DC’s growing more accustomed to bending the rules by the day, resulting in films that are clearly aimed at an older audience. Typically Warner Brothers reserves profanity, crude language and adult sexual themes for live-action fare, and not necessarily superhero themed live action fair. But in 2017 the market is still shifting and DC and Warner are looking for ways to keep up, and keep it edgy. The latest film to experience this growing trend? Batman and Harley Quinn.
Written by: Daniel McDonald
In 1980, a little known, little seen film about a Summer Stock Theater Company in 1951, starring Frank Langella, (DRACULA) Thomas Hulce ,(ANIMAL HOUSE, AMADEUS) and Glynis O’Conner (ODE TO BILLY JOE- what the hell happened to her?) with an interesting title that has stuck with me as clear as a bell for 37 years THOSE LIPS, THOSE EYES opened to better than average press. I saw the little romantic comedy, enjoyed it for what it was, and pretty much forgot about the film, but for some odd reason, not that damn title.
What sounds cooler than free comics? Nothing. Nothing at all. That’s why we’re happy to be celebrating DC Comics’ Free Comic Book Day! It all kicks off in the morning, and it’s a killer digital event for those still hooked (I’m in!) on DC comic books!
You know, I thought things had gotten pretty crazy in the second episode of this totally killer book, but I was off. I was way off. What issue two offered was a little wild… issue three however, is absolutely nutso awesome!
The second issue of Batman and Teenage Mutant Ninja Turtles Adventures manages to far surpass the entertainment value of the first. And the first issue was good, need I remind you.
How could we not review this?
Two of the greatest… well, five of the greatest heroes to ever land within the pages of a comic book together to kick… well, nothing yet, really.
Batman comics feel as though they’ve always flip flopped between an incredibly bleak existence and a ham-fisted, over-the-top goof-athon. I enjoy both stretches for the caped crusader, though I’ll openly admit that the darker side of Batman’s existence has always intrigued me more than any other character during any period of time. But that doesn’t mean the light-hearted books stink, or underwhelm. They’ve got a charm all their own, and that’s evident in Detective Comics #359, the very book that introduced the Batgirl to the world of the comic book fan.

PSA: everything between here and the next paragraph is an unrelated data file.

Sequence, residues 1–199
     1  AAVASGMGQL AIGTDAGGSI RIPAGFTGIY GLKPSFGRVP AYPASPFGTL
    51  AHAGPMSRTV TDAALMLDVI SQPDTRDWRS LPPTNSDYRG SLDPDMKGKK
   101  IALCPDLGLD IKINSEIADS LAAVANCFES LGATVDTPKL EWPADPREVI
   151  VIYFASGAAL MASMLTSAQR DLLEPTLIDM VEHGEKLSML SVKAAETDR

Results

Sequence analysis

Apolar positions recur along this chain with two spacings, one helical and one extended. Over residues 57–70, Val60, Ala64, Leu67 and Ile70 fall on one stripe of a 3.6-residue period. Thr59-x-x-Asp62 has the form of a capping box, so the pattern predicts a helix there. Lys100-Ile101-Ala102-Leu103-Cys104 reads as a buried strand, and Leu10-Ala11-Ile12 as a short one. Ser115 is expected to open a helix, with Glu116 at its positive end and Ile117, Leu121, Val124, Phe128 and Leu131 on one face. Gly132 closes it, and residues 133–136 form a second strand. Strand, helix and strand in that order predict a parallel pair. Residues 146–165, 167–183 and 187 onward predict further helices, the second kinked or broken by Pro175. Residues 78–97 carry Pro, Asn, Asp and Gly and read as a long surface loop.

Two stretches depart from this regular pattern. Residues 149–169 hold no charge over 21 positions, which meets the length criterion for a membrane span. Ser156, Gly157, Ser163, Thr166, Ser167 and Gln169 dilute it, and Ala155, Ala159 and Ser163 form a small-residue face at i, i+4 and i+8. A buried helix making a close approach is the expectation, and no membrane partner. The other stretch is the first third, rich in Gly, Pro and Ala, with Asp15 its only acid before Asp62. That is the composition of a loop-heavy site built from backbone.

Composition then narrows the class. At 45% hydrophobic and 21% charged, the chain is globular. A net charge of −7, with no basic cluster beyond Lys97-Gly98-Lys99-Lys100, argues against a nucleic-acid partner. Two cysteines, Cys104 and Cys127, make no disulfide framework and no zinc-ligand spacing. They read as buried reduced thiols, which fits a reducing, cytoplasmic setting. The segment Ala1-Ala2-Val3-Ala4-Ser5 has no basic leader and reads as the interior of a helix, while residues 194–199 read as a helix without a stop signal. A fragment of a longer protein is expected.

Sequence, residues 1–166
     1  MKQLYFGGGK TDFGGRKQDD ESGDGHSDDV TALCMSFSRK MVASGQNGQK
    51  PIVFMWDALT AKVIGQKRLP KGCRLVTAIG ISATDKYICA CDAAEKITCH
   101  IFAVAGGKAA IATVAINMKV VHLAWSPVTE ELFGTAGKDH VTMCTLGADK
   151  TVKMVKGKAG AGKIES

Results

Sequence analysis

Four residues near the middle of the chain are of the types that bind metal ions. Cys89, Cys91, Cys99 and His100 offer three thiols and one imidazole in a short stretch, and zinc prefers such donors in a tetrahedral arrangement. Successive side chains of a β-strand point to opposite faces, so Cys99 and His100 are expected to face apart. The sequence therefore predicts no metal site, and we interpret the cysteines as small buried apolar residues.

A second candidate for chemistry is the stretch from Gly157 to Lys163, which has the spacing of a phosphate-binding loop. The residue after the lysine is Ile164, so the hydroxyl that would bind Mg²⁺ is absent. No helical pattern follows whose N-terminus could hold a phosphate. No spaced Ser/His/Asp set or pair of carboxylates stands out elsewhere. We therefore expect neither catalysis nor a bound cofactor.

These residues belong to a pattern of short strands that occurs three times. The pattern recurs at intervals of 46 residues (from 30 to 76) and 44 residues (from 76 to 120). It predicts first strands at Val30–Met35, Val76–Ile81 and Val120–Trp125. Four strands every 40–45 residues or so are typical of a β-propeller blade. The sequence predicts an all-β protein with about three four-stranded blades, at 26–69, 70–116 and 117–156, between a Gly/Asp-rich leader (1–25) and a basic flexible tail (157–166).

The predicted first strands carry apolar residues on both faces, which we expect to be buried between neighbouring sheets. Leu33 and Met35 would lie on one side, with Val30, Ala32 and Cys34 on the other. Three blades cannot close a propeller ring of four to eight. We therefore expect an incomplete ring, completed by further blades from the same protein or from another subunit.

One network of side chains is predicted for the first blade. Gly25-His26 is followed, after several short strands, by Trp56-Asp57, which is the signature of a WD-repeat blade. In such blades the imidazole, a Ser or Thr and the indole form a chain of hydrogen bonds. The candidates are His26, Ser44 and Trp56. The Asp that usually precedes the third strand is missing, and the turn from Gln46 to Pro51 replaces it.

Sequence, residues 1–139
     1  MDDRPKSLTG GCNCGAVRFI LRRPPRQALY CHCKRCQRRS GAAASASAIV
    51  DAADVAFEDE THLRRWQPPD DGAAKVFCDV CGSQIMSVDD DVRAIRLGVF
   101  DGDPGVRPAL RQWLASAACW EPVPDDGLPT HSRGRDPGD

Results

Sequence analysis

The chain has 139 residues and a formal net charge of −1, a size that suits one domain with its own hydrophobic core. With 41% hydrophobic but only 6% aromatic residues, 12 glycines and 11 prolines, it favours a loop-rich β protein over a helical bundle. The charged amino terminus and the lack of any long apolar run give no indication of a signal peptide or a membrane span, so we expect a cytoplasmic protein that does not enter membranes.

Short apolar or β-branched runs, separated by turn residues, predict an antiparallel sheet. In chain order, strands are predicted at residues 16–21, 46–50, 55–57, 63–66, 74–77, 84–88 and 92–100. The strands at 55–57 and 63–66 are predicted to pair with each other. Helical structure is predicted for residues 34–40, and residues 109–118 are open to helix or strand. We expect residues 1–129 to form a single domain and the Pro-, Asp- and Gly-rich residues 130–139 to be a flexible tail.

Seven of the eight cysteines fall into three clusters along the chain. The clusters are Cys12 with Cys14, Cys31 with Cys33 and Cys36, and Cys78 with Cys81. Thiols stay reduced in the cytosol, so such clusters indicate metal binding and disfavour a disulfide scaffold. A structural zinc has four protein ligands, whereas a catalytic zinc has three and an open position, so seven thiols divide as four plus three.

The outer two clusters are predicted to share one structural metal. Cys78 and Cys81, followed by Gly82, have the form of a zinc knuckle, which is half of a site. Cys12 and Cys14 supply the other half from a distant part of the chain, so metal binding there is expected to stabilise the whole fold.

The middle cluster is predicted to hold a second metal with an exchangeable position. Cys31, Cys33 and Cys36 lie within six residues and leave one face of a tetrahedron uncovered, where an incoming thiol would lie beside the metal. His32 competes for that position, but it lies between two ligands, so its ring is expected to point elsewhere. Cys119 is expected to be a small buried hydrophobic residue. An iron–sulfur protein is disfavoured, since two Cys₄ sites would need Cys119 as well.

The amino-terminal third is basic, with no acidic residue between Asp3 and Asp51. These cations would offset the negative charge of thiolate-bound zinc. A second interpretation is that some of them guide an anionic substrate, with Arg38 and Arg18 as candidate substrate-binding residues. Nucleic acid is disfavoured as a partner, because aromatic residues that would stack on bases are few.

As a big Elvira fan, and an enormous fan of genre comics, I can’t begin to make you understand how much I adore Elvira’s House of Mystery. It’s an awesome mix of the two, and while some may deem the book’s content a little watered down, it still manages to entertain (hello, there’s a shout out to the original House of Mystery’s host, Cain – tell me that ain’t awesome!) on a respectable scale.
Those that know this stretch of Swamp Thing, or Saga of the Swamp Thing, as it eventually became, know that every issue is special. With Alan Moore handling writing duties you know you’re in for something huge, like, say, altering the entire origin of the Swamp Thing. This particular issue isn’t necessarily special as a result of some epic shift in the Swamp Thing’s existence, it’s special because a very, very important character earns his introduction within these pages. Within the very first few pages, actually.